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BANGLADESH: Two years after Cyclone Sidr, survivors still seeking shelter

Posted by Lindy on December 4, 2009

20 November 2009 Original article:

Two years after Cyclone Sidr hit the southern coastal districts of Bangladesh, many of the survivors are still homeless and at severe risk from further disasters, officials say. Cyclone Sidr lashed the southern coastal regions of Bangladesh on 15 November 2007. Thirty districts were affected, with more than 3,400 deaths (yes I know – the numbers do not add up – but some died afterwards indirectly from Sidr itself from from waterborne diseases et)c. Damage to property, livestock and crops was estimated at US$1.7 billion, with half of that in the housing sector, according to the government.

Despite aid efforts, more new homes are still needed as are cyclone shelters. Meanwhile, crucial work to prevent flooding remains under-funded.

Extensive flood embankment networks provide this region with critical protection from these natural calamities, but Sidr damaged a large part, leaving the inhabitants of six coastal districts vulnerable to tidal waves and storm surges. According to the Bangladesh Water Development Board, which maintains these embankments, about 46 percent or 2,341km of the 5,107km of flood embankments protecting the southern regions were partially or completely destroyed by Sidr. Repair work to the embankments has yet to begin properly, with a lack of funding cited as the primary reason. About $100 million is required.  The money is being provided and repai should begin soon.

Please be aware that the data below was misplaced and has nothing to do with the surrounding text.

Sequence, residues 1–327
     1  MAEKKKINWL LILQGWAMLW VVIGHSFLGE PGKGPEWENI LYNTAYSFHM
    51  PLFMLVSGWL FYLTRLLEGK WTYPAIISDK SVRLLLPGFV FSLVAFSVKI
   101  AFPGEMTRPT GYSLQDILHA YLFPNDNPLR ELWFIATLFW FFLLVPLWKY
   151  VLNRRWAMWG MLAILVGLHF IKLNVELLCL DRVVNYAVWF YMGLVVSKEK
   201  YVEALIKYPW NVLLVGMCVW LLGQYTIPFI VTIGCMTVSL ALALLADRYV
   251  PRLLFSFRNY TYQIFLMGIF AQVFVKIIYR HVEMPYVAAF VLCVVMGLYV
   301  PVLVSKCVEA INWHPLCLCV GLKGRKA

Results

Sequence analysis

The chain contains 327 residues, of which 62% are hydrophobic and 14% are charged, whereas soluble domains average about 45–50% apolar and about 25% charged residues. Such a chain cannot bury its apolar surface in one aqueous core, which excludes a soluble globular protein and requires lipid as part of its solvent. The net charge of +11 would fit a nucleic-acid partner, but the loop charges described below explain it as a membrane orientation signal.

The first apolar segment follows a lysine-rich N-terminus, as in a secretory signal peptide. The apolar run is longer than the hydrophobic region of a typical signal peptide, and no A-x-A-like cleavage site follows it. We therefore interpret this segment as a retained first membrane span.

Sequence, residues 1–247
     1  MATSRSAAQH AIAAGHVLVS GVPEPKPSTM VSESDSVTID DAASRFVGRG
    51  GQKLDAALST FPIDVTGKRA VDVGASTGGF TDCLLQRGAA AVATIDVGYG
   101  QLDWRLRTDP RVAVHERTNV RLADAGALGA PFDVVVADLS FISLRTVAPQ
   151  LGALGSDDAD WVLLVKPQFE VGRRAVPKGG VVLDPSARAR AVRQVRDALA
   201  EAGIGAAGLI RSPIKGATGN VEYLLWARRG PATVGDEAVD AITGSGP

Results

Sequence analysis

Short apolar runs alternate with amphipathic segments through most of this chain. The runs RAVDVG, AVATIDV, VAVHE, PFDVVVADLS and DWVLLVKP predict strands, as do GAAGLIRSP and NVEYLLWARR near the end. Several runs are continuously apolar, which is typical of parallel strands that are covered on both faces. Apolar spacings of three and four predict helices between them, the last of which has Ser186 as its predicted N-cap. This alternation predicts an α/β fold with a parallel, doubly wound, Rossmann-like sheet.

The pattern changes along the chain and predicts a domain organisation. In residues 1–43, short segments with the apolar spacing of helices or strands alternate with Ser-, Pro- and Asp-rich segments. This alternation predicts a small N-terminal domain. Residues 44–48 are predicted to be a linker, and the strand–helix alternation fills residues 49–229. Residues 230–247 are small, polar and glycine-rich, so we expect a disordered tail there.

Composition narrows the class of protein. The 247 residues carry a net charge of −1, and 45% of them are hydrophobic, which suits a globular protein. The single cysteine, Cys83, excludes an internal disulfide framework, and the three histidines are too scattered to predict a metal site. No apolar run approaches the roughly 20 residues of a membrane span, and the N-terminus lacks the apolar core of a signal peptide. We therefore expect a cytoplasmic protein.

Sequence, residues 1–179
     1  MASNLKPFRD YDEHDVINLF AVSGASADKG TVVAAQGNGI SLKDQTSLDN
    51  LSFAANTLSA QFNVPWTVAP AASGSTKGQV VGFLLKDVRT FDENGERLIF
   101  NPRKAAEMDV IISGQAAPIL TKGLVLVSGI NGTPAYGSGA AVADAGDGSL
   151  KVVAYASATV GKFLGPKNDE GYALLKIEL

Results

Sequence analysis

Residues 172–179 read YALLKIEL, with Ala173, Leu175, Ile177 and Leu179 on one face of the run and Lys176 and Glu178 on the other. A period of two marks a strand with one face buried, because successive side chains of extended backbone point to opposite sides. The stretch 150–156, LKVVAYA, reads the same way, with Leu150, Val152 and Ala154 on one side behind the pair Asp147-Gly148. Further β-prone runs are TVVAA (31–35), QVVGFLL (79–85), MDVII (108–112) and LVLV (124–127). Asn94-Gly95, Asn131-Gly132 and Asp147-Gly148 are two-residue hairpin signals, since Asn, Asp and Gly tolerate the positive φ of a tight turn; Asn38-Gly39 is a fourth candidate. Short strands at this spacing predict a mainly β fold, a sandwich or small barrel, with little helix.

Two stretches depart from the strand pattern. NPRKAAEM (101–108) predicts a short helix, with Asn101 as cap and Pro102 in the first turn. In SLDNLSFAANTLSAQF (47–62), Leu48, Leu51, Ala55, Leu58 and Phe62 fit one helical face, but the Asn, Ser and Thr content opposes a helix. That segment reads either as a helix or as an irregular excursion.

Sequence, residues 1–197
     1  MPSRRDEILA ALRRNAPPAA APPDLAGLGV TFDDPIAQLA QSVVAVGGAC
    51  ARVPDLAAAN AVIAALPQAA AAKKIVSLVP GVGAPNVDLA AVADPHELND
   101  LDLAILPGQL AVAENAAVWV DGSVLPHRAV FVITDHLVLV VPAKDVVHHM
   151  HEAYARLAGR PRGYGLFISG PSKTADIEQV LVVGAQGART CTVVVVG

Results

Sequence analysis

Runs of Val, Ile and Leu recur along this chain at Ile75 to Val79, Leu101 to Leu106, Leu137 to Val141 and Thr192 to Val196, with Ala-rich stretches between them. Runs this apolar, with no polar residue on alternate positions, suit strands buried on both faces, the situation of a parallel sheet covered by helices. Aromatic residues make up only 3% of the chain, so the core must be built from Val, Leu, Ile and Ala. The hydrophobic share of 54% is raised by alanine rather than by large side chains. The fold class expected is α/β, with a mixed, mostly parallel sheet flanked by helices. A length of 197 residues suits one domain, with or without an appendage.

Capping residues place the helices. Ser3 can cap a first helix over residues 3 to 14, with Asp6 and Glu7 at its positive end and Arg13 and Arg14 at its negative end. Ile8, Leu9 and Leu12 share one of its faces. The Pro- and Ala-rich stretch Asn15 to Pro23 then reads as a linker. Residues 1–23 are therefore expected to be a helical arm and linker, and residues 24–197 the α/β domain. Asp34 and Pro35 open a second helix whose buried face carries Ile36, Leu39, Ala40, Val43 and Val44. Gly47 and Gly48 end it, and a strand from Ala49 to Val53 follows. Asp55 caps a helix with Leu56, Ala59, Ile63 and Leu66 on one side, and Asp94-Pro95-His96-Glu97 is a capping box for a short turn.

In the worst affected areas tidal seawater inundated their land. “Every day, during the tides, brackish seawater gets into the croplands, fouling up the fertile topsoil. Soil salinity is increasing alarmingly. Almost 1,400ha of croplands and is now vulnerable because of the damaged embankments.”

Lacking proper shelter: “Nearly half a million people who were displaced by Sidr are still without proper housing and need rehabilitation,” said a representative of  Bangladesh Red Crescent Society.

Farmer Jainal Abedin lost his father, his home and all his possessions to Sidr. “I am still living in a hovel made of plastic sheets and debris. I had to spend my housing grant money ($73) on food after the storm.

The International Federation of Red Cross and Red Crescent Societies has built 1,250 cyclone core shelters, sturdier homes that can withstand a cyclone.

The district of Bagerhat is very short proper cyclone protection shelters. It needs 490 for the population but only has 130, which can protect about one third of the people who may need them.

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